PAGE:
I think each team you work in has its own structure. For us, we do have a dedicated rehabilitation team, who specifically take over the care of an injured player if they have an injury that affects their ability to train with the group. The process we have adopted involves the head physio and doctor working with the injured player to assess and diagnose the injury, and determine an estimated return to play timeline. From there, the rehab team take over that players care, however, there is always open dialogue amongst all the medical staff. As for the rest of the playing group, we tend to share the management of the playing group as a whole, but as all the players treated at the club, communication between therapists/trainers about players needs is easy. We have weekly meetings to review each of the players’ health and wellbeing, as well as a wrap up at the end of each session. This enables us to have a good continuum of care between everyone in the support team, including coaching.

 When managing a player at an elite level you would be required to take both team and individual sponsorship and endorsement into consideration. Have you found this to be a challenge at times?

 The main challenge that springs to mind, is with respect to the athletes footwear. There is no doubt that some brands of footwear may be better suited to some players than others. It is rare, but unfortunate, when the player’s sponsor requires a certain boot to be worn, that may not be ideal for that player’s body. Having said that, players sponsors want what’s best for their players too, and are fairly accommodating to our podiatrist’s recommendations. We were delighted to be sponsored by Birkenstock this year, so all of our players could avoid wearing dodgy flip flops throughout summer!

 With the introduction of the AFL-W League there is a risk that the type of injuries sustain by the female players will differ from that of the males, with ligament laxity and joint stability potentially being an issue. Have you noticed a difference in the way female players have prepared for the current season as opposed to the males?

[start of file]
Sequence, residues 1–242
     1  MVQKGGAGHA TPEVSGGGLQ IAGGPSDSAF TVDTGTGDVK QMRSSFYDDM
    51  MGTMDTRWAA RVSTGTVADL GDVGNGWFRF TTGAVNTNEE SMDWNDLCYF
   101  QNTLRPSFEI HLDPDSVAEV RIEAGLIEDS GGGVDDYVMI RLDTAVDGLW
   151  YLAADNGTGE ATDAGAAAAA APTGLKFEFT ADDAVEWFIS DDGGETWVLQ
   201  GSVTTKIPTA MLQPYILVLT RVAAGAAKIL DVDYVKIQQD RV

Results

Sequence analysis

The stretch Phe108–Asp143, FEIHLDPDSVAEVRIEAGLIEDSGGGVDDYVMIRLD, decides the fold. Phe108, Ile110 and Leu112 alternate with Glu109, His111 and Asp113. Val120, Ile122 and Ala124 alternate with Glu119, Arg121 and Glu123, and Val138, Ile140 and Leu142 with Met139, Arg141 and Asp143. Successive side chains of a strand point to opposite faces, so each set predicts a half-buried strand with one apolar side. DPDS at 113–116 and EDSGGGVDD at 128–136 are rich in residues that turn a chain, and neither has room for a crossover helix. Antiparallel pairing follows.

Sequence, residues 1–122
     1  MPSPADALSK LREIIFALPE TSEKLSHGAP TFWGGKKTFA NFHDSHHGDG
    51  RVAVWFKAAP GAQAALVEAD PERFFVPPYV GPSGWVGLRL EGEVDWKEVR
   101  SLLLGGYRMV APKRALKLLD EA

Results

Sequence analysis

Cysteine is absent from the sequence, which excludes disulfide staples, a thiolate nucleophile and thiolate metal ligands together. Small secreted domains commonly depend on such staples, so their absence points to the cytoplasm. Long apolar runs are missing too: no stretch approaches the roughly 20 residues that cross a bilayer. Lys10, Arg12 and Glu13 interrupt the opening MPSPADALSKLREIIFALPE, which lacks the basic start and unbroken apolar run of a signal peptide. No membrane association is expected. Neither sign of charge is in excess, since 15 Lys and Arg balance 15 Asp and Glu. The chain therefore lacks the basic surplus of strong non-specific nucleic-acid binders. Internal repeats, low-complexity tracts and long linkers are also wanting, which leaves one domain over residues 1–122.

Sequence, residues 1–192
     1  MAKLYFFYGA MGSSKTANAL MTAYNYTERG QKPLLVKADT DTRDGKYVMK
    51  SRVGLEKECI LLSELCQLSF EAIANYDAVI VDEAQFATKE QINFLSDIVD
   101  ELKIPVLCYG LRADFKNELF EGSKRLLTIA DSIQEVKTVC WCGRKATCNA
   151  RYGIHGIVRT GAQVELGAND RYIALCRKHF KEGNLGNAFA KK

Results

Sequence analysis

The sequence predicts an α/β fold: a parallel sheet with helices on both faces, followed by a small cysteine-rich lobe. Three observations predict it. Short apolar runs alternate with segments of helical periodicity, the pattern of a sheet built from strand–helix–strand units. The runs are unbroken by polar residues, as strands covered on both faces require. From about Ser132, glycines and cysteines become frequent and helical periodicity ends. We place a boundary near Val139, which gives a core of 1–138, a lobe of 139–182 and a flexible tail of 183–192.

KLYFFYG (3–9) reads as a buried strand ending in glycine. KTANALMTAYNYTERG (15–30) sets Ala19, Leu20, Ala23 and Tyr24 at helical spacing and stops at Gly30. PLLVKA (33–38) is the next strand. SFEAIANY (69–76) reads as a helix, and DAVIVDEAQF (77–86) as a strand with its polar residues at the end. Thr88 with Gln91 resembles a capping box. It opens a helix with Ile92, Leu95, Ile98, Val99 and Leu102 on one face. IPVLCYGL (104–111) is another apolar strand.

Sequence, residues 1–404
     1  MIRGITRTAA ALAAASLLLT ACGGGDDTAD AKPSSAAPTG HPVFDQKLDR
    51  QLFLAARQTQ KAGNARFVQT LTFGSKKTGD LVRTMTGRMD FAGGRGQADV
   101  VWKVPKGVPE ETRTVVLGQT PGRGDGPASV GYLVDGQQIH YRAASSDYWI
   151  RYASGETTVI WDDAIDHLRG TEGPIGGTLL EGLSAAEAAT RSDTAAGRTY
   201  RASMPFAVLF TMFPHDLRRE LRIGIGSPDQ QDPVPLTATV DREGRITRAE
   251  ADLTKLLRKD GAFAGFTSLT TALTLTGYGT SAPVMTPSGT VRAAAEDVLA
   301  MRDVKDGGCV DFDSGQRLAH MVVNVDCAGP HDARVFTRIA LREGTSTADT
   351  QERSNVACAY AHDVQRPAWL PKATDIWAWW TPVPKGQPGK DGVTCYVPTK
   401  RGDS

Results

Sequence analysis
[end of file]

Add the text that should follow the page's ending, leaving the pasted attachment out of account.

It has been identified already that female football players have a higher tendency for ACL injury, as well as concussion (and hand injuries!) (Fortington, Donaldson and Finch 2016).

 With respect to ACL injury, there have been a few predisposing factors proposed, some inheritable and genetic, and some to do with the conditioning/level of the athlete, which to be honest doesn’t really differ to the men. What does differ to the men relates to the shape of female bodies at the pelvis. Given female tend to have a wider pelvis relative to the knee, this increases the angle of loading through the knee, and can be one of the proposed risk factors of injury. Another speculation is that the collagen make up within the ligaments tends to slightly differ, and perhaps this could be a factor. However, on the whole, females’ ligaments tend to be more elastic, and one could argue that this makes them less susceptible to tissue failure compared to a stiff, inelastic ligament.

 While we can’t control anatomy or genetics, we can influence strength and neuromuscular control of the lower limb, and this is our primary focus with our injury prevention strategies. Lots and lots of landing practice!!

 The other reason we suspect female footballers have a higher incidence of ACL and concussion injury, has to do with how long they have been playing the sport, and the way this influences their neuromuscular control and peripheral awareness, or” reflex instincts” if you like. It will be fascinating to revisit the injury data in a few years’ time, once we see the first few waves of female footballers who have had a consistent pathway from juniors through to elite, coming through!

Thanks Fiona, this has given a fantastic insight into how practitioners deal with elite players. Once again congratulations for last year and all the best for the 2017 season.